15. As an old white dude who has recently reached the age of 60 I have a vested interest in the conclusions of your article Phil. I used to work in outsourcing advisory and thought it provided valuable insights to both customers and service providers, primarily in terms of relationship management, change management and cultural expectations. Sadly, it often ended up as Nimish suggests in a lowest rate card procurement negotiation. Part of that is essential market stall trading because many providers expect their prices to have to drop during negotiation, therefore they pitch high. Likewise, the customer’s Procurement function have to prove their worth in getting the best deal. It all becomes a bit of a game in which both sides knowingly play their parts.

    So called Benchmarking often doesn’t help because it focuses on unit pricing at the expense the more complicated evaluation of capability, capacity and customer-centric services. My personal view is that benchmarking clauses in contracts work against the opportunity for true partnering and have very little to do with Robert Camp’s original benchmarking methodology. (Did I mention that I’m a curmudgeonly grumpy old white dude? – but that doesn’t stop me from empathising with Phil’s very perceptive criticisms of our industry).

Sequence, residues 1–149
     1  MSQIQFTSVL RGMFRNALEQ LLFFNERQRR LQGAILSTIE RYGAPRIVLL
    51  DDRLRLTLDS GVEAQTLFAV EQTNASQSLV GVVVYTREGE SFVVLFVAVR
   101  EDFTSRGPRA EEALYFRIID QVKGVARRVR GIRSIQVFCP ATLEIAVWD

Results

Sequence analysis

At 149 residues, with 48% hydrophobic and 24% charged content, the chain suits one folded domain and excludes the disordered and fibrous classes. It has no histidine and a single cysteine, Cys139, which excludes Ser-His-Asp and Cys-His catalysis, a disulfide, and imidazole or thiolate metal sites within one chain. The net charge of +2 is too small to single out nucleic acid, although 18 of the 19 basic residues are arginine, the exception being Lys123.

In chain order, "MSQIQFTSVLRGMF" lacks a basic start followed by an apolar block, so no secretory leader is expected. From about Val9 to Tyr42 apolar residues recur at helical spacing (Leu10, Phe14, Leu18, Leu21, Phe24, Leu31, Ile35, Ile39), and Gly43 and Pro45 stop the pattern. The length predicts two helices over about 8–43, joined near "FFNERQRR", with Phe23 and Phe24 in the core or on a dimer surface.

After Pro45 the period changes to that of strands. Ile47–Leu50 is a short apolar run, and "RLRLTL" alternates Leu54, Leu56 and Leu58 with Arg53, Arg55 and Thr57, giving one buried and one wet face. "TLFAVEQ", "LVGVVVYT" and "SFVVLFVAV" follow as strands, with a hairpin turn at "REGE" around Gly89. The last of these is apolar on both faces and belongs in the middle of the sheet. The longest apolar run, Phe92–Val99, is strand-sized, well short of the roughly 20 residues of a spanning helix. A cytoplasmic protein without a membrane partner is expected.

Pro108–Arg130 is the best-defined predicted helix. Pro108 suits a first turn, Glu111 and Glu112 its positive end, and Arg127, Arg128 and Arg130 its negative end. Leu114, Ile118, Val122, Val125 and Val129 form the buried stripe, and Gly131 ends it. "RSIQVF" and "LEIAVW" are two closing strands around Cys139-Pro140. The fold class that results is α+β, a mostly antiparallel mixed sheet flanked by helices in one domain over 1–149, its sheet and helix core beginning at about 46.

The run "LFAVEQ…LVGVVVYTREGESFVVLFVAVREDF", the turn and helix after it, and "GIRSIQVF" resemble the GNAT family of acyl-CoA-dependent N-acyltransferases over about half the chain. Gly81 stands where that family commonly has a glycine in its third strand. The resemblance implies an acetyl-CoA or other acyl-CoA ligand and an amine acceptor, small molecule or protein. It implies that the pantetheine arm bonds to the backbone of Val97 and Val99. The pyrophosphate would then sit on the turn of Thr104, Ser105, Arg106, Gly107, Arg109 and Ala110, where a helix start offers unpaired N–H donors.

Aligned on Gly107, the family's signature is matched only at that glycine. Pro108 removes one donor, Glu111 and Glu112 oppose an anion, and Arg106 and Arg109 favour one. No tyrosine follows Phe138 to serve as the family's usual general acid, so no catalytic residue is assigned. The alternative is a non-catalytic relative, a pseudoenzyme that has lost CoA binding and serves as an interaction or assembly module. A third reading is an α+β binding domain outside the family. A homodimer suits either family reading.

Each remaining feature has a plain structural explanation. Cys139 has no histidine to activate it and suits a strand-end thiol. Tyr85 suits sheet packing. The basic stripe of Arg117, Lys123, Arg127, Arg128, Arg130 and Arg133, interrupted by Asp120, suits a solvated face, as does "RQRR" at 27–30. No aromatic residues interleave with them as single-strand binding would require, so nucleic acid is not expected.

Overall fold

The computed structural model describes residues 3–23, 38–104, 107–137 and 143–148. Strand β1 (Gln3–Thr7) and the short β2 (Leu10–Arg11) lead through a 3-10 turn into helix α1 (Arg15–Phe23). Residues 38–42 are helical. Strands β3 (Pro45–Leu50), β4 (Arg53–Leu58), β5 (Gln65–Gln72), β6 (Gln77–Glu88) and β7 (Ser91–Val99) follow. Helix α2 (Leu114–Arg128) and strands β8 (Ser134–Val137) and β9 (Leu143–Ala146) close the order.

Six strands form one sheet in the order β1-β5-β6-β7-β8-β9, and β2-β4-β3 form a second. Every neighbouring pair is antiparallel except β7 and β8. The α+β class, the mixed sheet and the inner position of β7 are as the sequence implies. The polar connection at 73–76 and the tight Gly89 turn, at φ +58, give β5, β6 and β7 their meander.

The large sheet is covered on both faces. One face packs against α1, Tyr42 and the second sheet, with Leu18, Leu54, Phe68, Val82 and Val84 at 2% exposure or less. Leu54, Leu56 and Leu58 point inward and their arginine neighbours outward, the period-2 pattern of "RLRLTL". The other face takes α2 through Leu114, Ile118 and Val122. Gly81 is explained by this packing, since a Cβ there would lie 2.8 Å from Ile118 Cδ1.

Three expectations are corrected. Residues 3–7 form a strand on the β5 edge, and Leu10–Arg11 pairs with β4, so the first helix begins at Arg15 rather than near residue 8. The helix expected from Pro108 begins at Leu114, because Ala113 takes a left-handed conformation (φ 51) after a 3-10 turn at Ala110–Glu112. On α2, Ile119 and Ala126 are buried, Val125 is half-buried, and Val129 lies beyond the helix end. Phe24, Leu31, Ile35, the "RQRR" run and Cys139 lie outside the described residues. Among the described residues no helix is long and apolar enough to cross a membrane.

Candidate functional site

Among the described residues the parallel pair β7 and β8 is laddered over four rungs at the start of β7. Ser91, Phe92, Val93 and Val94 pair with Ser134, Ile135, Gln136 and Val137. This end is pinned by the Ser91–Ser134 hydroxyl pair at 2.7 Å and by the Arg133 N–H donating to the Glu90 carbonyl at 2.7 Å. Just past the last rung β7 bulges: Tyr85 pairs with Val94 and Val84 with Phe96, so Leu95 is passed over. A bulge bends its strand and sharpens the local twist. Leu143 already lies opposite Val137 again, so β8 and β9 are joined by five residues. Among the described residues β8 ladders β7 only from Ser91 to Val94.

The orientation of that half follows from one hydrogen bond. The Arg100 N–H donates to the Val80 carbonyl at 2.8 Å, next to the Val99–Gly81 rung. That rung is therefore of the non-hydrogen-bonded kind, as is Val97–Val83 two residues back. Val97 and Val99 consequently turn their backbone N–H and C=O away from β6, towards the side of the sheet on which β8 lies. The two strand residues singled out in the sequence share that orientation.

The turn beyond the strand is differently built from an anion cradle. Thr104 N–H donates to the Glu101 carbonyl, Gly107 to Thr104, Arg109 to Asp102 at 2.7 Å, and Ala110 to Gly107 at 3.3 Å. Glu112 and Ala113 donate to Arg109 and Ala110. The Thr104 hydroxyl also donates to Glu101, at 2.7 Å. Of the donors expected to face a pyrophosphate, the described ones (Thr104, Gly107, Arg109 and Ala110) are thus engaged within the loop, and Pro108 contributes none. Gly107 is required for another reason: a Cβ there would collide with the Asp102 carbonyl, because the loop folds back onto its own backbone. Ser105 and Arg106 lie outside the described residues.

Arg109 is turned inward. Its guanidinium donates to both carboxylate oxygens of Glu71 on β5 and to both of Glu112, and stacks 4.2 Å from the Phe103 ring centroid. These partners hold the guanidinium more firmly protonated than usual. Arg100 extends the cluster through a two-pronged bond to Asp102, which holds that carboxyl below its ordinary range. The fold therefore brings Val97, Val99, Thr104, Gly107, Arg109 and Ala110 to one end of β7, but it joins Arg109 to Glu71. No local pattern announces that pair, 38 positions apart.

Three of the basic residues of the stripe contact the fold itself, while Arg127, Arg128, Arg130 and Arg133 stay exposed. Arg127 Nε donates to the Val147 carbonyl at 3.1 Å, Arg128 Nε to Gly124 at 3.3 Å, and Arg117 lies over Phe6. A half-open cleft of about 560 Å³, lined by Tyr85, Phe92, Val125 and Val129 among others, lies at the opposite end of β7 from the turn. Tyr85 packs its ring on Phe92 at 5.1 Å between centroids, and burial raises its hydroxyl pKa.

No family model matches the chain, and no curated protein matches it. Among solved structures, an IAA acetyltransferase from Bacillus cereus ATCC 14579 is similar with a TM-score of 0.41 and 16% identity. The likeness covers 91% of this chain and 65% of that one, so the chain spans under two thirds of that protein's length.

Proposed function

Just over two years ago I took the plunge and moved to the ‘dark side’, i.e. a service provider. It has been an enlightening experience. Technically I remain old and white and a dude but I feel proud to be part of an organization that cares about the impact it has on its customers. The key to me is not to hide behind the “outsourcing” label but to understand that customers have a choice when it comes to service provision. These days those services are underwritten by rapidly changing and highly accessible technology. To succeed you have to get your head around both the service and the delivery method. That’s were social, mobile, analytics and cloud will play an increasing role. If I remove the jargon, customers simply expect to be able to use outsourced services that work first time, every time, anytime, anywhere, via any device. Good marketing focuses not on the tech bells & whistles but on delivering the benefits that are important to the customer. We have to be able to describe both the journey and the destination, otherwise the customer will remain confused and sceptical of our aims.